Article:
Yvonne Wilson of Sun writes...
I think the attribute provider concept makes a lot more sense when there is an entity that already has information about a person and which would be authoritative for a particular attribute and authorized (not necessarily by the user) to hand that attribute out, possibly in an obfuscated form. A government might be an authoritative source for whether someone is a citizen, and obliged to respond to another government to that effect. An employer might be an authoritative source for whether someone is employed and obligated to respond to a bank loan officer to that effect. A credit agency might be an authoritative source on someone's credit rating, and obligated to report that to a credit card company. The user doesn't get to intercept, alter or halt any of this, because the entities which need the information trust these authoritative sources more than they trust the user. Of course, this kind of provider would offer up only a limited set of attributes.Some motivators for information providers:
- Is the provider authoritative? Before making assertions about individuals, the organization has to decide if it can provide some level of assurance about the information.
- Is the organization considered authoritative by means of legislation? Example, legislation may make a professional organization responsible for tracking and verifying the professional status of its members.
- Privacy enhancing reduction of information flow. Because a provider may know several things about an individual, they are often in a position to answer questions about individuals. Without directly revealing what they know, they can answer some questions. E.g. If you own property and pay taxes, your city can state whether you own and potentially live in that city. A department of vital statistics, responsible for birth certificates, could generate an assertion that you are over a specific age.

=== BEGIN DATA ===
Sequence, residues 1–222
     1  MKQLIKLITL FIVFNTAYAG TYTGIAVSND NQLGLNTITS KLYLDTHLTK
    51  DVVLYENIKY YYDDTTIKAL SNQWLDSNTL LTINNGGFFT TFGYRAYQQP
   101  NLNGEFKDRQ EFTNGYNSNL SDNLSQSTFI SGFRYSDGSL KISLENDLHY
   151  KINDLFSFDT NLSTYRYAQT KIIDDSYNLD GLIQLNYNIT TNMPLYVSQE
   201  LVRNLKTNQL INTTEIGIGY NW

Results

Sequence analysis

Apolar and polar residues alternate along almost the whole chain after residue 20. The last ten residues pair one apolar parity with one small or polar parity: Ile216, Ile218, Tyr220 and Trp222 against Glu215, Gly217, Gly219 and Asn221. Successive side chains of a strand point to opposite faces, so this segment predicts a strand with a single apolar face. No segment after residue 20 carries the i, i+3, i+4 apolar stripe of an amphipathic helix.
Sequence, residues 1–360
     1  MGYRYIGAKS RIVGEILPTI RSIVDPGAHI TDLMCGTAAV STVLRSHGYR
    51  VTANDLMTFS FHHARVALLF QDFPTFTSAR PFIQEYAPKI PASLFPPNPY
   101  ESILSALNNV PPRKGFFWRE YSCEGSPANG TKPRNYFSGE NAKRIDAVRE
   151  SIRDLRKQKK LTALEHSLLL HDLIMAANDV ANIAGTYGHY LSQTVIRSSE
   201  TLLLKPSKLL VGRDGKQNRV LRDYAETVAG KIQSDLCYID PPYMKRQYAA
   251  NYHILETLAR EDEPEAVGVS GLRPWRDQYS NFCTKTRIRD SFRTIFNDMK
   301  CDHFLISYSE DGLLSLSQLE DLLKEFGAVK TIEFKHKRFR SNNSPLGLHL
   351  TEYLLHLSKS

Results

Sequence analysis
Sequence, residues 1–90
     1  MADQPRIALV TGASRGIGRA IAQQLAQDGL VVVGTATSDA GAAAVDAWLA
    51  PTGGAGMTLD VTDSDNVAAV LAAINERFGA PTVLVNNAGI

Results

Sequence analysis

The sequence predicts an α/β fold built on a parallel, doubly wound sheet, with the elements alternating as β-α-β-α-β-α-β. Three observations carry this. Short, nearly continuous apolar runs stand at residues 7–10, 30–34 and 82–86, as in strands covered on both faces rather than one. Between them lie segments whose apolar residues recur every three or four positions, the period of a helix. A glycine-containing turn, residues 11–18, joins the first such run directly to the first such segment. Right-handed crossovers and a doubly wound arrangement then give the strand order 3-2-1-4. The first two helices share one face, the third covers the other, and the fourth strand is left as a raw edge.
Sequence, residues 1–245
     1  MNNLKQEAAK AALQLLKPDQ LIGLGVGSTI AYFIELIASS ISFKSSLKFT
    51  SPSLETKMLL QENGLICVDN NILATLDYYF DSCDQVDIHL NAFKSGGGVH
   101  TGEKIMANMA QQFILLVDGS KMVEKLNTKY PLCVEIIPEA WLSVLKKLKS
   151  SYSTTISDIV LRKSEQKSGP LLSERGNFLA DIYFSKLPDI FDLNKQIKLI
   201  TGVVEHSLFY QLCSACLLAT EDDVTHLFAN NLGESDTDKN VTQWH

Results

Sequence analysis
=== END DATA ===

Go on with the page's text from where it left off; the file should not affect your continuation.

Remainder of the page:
- Transactional co-ordination between business service providers. In order to complete a service to a user, a web merchant might exchange assertions with a credit card company and shipping company. This allows 3 service providers to co-ordinate in order to complete a transaction. The merchant sells a product. The credit company arranges for the financial exchange, and the shipper arranges for shipment. In this case, the credit card company and shipper are temporarily acting as Identity Providers, but in reality, they are motivated by the ability to offer a service.
- Auditing use. By switching from a bulk publishing method to a dynamic provider method, the provider organization can potentially keep better track of when and potentially where information was used. Note: this is not always possible or desirable, but the environmental privacy requirements will dictate it.
- Revokability. When organizations using batch methods exchange information about individuals, they have no convenient way to revoke or update the list on a timely basis. In a dynamic provider model, the assertions can be relatively short lived - from seconds to months.
- Self-asserted, or asserted by a third-party information. If the providing organization is non-authoritative, then asserting these values to another party brings increased liability for accuracy, privacy, and potentially even copyright violation (e.g. credit scores from a credit bureau).
- SLA obligations. In the past, authorities may have been authoritative or responsible for assertions about individuals. However, requests were done through slower or legacy processes. Example, professional organizations issuing diploma's or certificates now moving to acting in real-time may change infrastructure requirements and the legal rules and responsibilities.
- Aggregation and compliance risk. The more information a providing organization amasses, the more risk they run for inappropriate exposure of information and inaccuracy.
Send me your thoughts! What other types of motivators or observations can be made?
Also, in a somewhat related post, check out Paul Madsen's Lemma of Dubious Attributes.